There is so much to say about the long-awaited arrival of the BuzzFeed crossword. I worry this will turn into a novel-length post if I attempt to tackle it all. Luckily, BuzzFeed Puzzle Editor Caleb Madison has written an extremely eloquent post on what the BuzzFeed puzzle hopes to accomplish. I highly recommend you all read it.

I get the sense that Caleb wants PuzzFeed (self-explanatory, I think) to be something like a mainstream-indie highbrow-lowbrow hybrid–not unlike BuzzFeed as a whole, which has commodified the listicle while actually doing some serious journalism and everything in between. I’m looking forward to seeing how the BuzzFeed puzzle grows and evolves over the next few months.

Let’s talk about this very first BuzzFeed crossword, then. It’s by Neville Fogarty of Indie 500 organizing/former Fiend blogging/general indie constructing fame. In this puzzle, nine clues contain famous names and the probable results of their “What Disney Character Are You” quizzes [Note: The BuzzFeed post contains a few introductory GIFs that, for obvious reasons, Across Lite does not. They in no way affect the solvability of the puzzle, but I guess you might want to look at them?]:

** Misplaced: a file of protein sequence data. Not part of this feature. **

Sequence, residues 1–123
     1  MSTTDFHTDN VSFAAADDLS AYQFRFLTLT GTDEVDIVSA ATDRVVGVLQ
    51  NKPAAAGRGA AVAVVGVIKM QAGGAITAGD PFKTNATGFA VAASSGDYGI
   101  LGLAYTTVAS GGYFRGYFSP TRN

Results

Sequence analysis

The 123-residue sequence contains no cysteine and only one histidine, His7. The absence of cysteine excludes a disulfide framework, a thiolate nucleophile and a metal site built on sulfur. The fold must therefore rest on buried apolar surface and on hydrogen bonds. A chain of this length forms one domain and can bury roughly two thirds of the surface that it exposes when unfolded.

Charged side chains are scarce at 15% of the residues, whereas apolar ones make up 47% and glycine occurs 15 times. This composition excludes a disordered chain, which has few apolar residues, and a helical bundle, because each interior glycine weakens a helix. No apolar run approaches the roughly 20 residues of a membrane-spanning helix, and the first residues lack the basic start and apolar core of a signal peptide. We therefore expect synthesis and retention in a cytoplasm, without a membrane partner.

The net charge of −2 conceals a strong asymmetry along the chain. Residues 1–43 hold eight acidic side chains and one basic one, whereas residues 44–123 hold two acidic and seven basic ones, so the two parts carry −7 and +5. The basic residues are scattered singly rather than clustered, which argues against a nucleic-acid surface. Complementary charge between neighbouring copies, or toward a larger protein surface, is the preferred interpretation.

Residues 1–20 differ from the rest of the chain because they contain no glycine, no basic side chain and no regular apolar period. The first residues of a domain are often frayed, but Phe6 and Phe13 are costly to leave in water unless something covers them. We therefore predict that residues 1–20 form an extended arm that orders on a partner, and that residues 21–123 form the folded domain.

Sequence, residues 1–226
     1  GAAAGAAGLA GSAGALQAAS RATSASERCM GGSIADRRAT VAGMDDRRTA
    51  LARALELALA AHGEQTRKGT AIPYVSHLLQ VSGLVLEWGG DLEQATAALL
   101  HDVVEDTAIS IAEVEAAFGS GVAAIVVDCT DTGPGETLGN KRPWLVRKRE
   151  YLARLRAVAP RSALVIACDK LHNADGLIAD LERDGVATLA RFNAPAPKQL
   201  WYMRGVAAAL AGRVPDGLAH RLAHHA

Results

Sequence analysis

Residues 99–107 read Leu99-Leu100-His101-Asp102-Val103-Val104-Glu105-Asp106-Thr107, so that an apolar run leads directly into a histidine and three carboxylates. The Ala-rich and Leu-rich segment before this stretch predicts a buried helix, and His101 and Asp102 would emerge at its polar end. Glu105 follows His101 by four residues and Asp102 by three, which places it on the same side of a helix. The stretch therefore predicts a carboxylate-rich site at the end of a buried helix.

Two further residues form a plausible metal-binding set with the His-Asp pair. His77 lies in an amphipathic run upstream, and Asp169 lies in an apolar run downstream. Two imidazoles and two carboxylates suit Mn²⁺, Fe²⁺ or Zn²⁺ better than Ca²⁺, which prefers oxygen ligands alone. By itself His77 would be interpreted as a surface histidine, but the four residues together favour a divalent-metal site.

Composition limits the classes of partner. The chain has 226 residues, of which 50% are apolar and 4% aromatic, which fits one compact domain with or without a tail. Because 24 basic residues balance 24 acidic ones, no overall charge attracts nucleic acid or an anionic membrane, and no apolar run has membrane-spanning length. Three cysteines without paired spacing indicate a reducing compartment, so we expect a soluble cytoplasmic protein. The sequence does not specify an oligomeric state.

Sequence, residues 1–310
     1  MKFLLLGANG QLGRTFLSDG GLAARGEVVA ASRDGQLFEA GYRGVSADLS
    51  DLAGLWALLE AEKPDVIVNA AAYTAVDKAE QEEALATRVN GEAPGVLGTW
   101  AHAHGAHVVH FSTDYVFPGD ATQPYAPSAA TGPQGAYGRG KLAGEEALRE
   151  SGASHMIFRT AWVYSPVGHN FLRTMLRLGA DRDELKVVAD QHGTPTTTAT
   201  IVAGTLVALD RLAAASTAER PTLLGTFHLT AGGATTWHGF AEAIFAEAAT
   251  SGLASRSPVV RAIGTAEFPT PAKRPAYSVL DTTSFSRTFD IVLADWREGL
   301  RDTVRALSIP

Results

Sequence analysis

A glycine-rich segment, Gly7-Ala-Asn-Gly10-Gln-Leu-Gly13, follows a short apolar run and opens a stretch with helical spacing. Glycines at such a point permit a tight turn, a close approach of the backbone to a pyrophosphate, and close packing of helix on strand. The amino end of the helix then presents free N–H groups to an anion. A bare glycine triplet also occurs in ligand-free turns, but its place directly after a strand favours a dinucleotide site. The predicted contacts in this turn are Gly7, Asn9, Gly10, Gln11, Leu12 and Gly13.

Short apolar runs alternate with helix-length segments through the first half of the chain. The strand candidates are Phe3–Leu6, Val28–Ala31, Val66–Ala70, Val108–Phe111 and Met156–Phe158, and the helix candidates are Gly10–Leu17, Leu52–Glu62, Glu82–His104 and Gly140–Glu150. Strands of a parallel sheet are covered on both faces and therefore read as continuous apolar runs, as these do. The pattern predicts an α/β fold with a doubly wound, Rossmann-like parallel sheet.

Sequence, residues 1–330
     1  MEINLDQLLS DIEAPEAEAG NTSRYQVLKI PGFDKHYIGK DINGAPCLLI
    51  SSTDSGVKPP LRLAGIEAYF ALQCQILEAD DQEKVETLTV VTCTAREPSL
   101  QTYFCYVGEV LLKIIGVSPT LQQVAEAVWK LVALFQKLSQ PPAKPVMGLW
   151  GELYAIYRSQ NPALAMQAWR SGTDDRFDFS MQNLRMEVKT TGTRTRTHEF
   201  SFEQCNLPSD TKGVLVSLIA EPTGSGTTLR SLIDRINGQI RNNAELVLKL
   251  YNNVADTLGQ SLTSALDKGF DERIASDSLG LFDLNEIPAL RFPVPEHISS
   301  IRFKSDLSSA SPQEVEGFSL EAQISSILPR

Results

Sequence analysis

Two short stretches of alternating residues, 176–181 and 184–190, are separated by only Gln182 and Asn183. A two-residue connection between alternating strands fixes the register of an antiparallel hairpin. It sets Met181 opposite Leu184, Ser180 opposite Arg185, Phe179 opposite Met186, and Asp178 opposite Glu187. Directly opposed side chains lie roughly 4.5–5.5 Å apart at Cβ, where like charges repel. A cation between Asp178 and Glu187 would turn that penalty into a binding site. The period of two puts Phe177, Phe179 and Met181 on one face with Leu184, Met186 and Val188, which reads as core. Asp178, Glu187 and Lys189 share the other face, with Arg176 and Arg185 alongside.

• 17a, CINDERELLA [“Greg Brady: Your ability to deal with stepsisters knows no bounds, so you’re…”].
  • 26a, AURORA [“Garfield: You know how to take a long nap, so you’re…”].
  • 28a, MULAN [“Mrs. Doubtfire: You’ve cross-dressed out of love for your family, so you’re…”].
  • 38a, JASMINE [“Carmen Sandiego: You like being shown the world, so you’re…”]. 
  • 45a, BELLE [“Hermione Granger: You love a good book, so you’re…”].
  • 46a, MERIDA [“Katniss Everdeen: You’re a pro with a bow and arrow, so you’re…”].